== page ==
Environments, and life within those environments, captivates and fuels the research passion of Dr. Ruth McDermott-Levy, PhD, MPH, MSN, RN, Associate Professor and Director of the Villanova University M. Louise Fitzpatrick College of Nursing’s Center for Global & Public Health.

Ruth initiated the Global Health Minor aiming to make a difference for the next generation and inspire students with similar global interests. Her area of expertise is public health nursing with a focus on global and environmental health.

With over 20 years of teaching experience, Ruth’s program of research relies on qualitative methods to gain insight into the needs of vulnerable populations and to promote health access for them. Her early work used phenomenological methods to study the experiences of female Omani nursing students in the United States after they returned home, as well as strategies to promote U.S.-Omani student peer learning.

In Philadelphia, she has studied the effectiveness of community health workers in Arab immigrant communities and provided breast health education to Arab-Muslim immigrant women. In Waslala, Nicaragua, she has engaged in a telehealth project to improve health-care access in remote regions.

Studying for a post-doctoral master’s degree in public health, Ruth gained greater insights into population-based research methods and environmental health. In Summer 2018, she will use community based participatory research methods to identify health concerns of a community in northeastern Pennsylvania that is undergoing fracking (the active extraction of natural gas using unconventional hydraulic fracturing).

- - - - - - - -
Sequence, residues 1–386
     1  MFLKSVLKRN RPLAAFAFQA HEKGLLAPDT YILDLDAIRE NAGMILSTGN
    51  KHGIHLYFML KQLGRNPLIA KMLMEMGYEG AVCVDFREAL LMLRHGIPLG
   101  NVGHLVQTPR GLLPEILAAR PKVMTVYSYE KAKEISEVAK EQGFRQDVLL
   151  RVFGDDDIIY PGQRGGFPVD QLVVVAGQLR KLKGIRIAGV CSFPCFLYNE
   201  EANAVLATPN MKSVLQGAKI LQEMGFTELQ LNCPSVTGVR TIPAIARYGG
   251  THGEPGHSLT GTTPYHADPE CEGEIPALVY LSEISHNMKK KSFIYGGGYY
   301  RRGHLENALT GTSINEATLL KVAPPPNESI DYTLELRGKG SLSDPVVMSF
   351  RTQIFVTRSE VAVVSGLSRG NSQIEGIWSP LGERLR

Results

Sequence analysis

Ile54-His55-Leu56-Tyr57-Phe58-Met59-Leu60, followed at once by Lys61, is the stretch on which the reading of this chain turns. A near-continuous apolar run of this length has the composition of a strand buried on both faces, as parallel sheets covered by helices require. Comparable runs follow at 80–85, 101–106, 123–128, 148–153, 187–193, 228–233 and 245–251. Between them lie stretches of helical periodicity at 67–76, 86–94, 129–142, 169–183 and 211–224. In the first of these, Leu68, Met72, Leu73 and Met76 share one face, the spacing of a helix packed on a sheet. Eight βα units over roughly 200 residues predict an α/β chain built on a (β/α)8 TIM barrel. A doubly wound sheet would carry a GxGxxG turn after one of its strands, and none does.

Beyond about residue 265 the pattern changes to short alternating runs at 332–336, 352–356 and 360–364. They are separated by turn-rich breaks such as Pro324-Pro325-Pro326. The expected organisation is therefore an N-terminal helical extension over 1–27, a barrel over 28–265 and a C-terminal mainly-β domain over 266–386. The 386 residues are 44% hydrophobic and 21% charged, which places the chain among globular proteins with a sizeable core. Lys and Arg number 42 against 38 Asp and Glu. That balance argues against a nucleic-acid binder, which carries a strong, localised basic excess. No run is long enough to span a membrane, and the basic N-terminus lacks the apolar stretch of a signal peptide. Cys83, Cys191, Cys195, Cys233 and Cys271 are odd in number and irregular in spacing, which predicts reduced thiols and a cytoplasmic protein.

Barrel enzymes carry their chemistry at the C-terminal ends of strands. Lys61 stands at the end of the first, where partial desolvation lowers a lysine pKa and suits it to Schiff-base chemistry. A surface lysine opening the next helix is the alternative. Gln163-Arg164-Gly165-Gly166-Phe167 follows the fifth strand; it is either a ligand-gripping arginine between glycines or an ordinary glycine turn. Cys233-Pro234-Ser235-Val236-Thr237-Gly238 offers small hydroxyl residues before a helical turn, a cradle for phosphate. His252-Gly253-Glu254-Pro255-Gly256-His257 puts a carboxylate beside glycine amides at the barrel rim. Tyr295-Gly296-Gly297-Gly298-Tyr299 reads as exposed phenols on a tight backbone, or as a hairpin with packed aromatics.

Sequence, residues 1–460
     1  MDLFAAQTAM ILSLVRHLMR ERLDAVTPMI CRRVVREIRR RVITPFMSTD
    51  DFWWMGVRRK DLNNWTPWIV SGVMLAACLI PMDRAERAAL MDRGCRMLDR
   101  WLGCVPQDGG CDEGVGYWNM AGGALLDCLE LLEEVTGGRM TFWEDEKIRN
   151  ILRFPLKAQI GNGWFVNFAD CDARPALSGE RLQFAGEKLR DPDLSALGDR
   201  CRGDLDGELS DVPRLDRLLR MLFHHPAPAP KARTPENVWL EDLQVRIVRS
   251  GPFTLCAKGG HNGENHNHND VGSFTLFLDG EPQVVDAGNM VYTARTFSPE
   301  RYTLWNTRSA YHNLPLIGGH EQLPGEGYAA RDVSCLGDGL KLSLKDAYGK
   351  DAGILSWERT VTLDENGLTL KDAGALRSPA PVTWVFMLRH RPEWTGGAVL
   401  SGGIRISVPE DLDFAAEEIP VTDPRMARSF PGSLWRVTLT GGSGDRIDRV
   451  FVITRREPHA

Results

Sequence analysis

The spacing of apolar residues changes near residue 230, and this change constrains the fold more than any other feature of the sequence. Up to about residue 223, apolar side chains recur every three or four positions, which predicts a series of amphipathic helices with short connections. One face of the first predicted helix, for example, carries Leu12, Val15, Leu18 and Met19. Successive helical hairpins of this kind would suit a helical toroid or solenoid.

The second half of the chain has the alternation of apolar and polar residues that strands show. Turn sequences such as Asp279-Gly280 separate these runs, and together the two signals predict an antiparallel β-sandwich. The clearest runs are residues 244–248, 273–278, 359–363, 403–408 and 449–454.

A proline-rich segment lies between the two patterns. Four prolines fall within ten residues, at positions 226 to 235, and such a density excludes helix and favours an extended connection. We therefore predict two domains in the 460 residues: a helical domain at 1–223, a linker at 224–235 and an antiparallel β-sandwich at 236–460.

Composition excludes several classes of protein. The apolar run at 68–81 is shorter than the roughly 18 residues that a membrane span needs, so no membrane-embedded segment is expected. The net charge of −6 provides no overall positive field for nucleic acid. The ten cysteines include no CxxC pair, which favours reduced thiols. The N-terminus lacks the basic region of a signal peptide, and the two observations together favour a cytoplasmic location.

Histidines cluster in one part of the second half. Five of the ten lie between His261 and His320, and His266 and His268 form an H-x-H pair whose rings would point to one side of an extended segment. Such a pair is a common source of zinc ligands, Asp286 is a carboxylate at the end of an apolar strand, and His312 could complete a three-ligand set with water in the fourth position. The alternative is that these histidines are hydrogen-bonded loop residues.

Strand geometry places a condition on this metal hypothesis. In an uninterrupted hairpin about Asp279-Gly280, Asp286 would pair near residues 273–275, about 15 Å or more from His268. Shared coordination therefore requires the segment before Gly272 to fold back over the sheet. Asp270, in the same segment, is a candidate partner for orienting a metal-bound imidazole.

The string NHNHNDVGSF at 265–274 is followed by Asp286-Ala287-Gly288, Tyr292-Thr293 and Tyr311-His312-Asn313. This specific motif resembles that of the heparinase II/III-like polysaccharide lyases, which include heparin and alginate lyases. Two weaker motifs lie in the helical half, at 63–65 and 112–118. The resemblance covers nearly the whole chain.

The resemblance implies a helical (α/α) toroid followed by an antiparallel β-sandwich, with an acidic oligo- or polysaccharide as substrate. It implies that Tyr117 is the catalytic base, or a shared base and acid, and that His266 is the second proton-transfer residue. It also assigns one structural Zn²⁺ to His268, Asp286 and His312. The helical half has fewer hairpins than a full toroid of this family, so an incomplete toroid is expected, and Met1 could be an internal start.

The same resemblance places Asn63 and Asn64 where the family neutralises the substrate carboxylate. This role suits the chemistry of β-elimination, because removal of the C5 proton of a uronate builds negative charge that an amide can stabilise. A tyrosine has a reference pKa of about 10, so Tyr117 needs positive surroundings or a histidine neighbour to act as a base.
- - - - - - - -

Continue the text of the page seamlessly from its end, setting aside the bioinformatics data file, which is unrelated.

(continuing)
With the goal of healthy communities, through her science she promotes healthy environments to enhance quality of life and prevent disease.

Ruth believes climate change is our greatest public health threat. For example, the Finnish population is at risk due to significant increases in air temperature. As a Fulbright Scholar, Ruth’s teaching and research in Fall 2018 will focus on the health impacts of climate change in Finland. She will teach two courses at the University of Eastern Finland’s new Nursing Masters in Public Health program and conduct a mixed method study. The purpose of Ruth’s research is to identify practicing Finnish health care providers’ (HCPs) perspective of the health impacts of climate and their perception of their educational preparation to address climate-related health needs.

The secondary purpose of her study is to inform medical and nursing educators of areas of professional and circular development that can be implemented to address the identified climate change health impacts.

As the Alliance of Nurses for Healthy Environments (ANHE) was formed in 2008, its founders conceptualized an e-textbook related to the issues of health and environment.

On November 11, 2016, the free, open-access textbook Environmental Health in Nursing went live.

“As front-line health care providers, nurses can make a difference in identifying and responding to environmental health risks and exposures, so this e-text is offered widely to help nurses, nursing students, and nursing faculty be prepared to address those risks and exposures within their practice settings,” explains Ruth. She is an inaugural member of ANHE, chairperson of the education workgroup, and co-editor for this textbook.

We look forward to honoring Ruth’s decades of work, and her ongoing initiatives which will continue to scale her gifts for research, teaching, and advocacy. By addressing the root causes of public health risks, Ruth and those who learn from her, follow her teachings, and carry on these important missions will continue to make a tremendous difference for millions of people.

It’s an honor to recognize Ruth and her work on May 11, at the Nurses With Global Impact event timed with International Nurses Day at the United Nations.

– Deb